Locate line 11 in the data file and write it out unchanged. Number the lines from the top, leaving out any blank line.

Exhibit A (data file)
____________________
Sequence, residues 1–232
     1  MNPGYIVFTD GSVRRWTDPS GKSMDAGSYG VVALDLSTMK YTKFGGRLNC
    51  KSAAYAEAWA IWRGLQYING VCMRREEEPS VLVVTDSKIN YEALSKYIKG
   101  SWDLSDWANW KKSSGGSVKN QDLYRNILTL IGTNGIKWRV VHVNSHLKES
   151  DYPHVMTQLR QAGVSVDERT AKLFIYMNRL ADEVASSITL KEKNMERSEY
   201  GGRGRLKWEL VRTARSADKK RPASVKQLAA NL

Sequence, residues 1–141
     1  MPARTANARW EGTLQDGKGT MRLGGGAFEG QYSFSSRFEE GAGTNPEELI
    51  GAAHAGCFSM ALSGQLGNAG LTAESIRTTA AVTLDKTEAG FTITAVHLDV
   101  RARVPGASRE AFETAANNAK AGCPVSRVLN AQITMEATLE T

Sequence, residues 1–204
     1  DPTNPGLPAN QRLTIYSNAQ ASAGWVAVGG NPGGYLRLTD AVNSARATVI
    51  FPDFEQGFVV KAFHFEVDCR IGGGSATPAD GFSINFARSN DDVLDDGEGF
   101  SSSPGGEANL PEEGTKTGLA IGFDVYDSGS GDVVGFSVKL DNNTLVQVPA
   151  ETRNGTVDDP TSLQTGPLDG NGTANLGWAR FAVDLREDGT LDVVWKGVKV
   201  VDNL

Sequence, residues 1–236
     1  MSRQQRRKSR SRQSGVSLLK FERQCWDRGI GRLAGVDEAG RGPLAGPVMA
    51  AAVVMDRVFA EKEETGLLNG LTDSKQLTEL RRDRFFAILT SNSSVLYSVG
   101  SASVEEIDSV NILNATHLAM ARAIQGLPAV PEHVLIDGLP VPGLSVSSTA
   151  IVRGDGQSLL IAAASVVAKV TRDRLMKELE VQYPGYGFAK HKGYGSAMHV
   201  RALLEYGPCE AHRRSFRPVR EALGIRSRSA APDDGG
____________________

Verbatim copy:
Sequence, residues 1–204